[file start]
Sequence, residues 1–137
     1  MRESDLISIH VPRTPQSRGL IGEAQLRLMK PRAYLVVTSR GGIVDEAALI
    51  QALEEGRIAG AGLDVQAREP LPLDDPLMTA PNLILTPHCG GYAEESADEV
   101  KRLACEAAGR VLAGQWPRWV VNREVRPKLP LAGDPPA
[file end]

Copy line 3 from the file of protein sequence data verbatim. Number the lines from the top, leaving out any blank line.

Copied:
    51  QALEEGRIAG AGLDVQAREP LPLDDPLMTA PNLILTPHCG GYAEESADEV